Rotary E-Club of Tokyo Peace Wing 東京ピースウィングロータリーEクラブ

About Rotary

Guiding principles

These principles have been developed over the years to provide Rotarians with a strong, common purpose and direction. They serve as a foundation for our relationships with each other and the action we take in the world.

Object of Rotary

The Object of Rotary is to encourage and foster the ideal of service as a basis of worthy enterprise and, in particular, to encourage and foster:

FIRST The development of acquaintance as an opportunity for service;
SECOND High ethical standards in business and professions; the recognition of the worthiness of all useful occupations; and the dignifying of each Rotarian’s occupation as an opportunity to serve society;
THIRD The application of the ideal of service in each Rotarian’s personal, business, and community life;
FOURTH The advancement of international understanding, goodwill, and peace through a world fellowship of business and professional persons united in the ideal of service.

History of Rotary International

photoThe first four Rotarians (from left): Gustavus Loehr, Silvester Schiele, Hiram Shorey, and Paul P. Harris, circa 1905-12.

Paul P. Harris, an attorney, wanted to create a professional group with the same friendly spirit he felt in the small towns of his youth. On 23 February 1905, Harris, Gustavus Loehr, Silvester Schiele, and Hiram Shorey gathered at Loehr’s office in Room 711 of the Unity Building in downtown Chicago. This was the first Rotary club meeting. They decided to call the new club “Rotary” after the practice of rotating meeting locations.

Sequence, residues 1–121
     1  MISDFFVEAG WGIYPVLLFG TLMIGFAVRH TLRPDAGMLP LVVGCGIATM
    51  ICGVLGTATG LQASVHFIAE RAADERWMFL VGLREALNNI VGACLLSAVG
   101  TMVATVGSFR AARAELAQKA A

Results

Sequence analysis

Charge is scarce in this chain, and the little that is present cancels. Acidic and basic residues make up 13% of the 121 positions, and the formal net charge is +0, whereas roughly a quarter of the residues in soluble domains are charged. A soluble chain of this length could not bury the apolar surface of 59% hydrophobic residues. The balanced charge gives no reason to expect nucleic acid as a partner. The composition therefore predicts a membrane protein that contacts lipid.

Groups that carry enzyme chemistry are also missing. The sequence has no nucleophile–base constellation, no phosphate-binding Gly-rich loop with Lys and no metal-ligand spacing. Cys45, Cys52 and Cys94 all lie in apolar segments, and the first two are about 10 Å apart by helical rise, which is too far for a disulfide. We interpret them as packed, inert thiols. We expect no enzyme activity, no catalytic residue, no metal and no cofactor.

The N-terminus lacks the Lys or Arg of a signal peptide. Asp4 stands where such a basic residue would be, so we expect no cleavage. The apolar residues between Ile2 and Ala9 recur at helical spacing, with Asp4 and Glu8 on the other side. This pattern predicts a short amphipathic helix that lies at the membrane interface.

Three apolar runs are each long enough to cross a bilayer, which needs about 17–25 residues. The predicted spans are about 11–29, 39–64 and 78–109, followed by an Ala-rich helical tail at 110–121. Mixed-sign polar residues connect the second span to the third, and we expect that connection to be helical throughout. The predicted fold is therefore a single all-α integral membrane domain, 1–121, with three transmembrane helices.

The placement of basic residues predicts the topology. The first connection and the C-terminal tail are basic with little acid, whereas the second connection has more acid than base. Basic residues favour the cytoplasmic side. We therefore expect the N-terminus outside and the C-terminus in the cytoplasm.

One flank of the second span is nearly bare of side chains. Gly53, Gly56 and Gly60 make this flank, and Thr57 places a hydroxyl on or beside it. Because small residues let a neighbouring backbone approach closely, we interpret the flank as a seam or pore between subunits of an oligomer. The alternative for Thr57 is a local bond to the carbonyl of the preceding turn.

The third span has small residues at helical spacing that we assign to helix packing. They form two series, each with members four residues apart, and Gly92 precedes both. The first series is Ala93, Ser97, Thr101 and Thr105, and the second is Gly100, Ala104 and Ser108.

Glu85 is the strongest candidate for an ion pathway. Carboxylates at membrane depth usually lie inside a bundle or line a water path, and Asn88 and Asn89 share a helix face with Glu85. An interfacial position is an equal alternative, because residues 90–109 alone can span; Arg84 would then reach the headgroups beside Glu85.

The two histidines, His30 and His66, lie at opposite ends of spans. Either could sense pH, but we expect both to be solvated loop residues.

Within five years clubs had formed across the country, from San Francisco to New York.

 In August 1910, Rotarians held their first convention in Chicago. The 16 clubs that existed at that time united to form the National Association of Rotary Clubs.

 In 1912, the name changed to International Association of Rotary Clubs to reflect the addition of clubs in other countries. The name Rotary International was adopted in 1922.

 By July 1925, Rotary had grown to more than 2,000 clubs and an estimated 108,000 members  on six continents.

 Rotary’s reputation attracted presidents, prime ministers, and a host of other luminaries to its ranks — among them author Thomas Mann, diplomat Carlos P. Romulo, and composer Jean Sibelius.

As Rotary grew, members pooled their resources and used their talents to serve their communities. The organization's dedication to this ideal is best expressed in its motto: Service Above Self.

The Four-Way Test

The Four-Way Test is a nonpartisan and nonsectarian ethical guide for Rotarians to use for their personal and professional relationships. The test has been translated into more than 100 languages, and Rotarians recite it at club meetings:

Of the things we think, say or do

1.Is it the TRUTH?

2.Is it FAIR to all concerned?

3.Will it build GOODWILL and BETTER FRIENDSHIPS?

4.Will it be BENEFICIAL to all concerned?

Avenues of Service

We channel our commitment to service at home and abroad through five Avenues of Service, which are the foundation of club activity.

1 Club Service focuses on making clubs strong. A thriving club is anchored by strong relationships and an active membership development plan.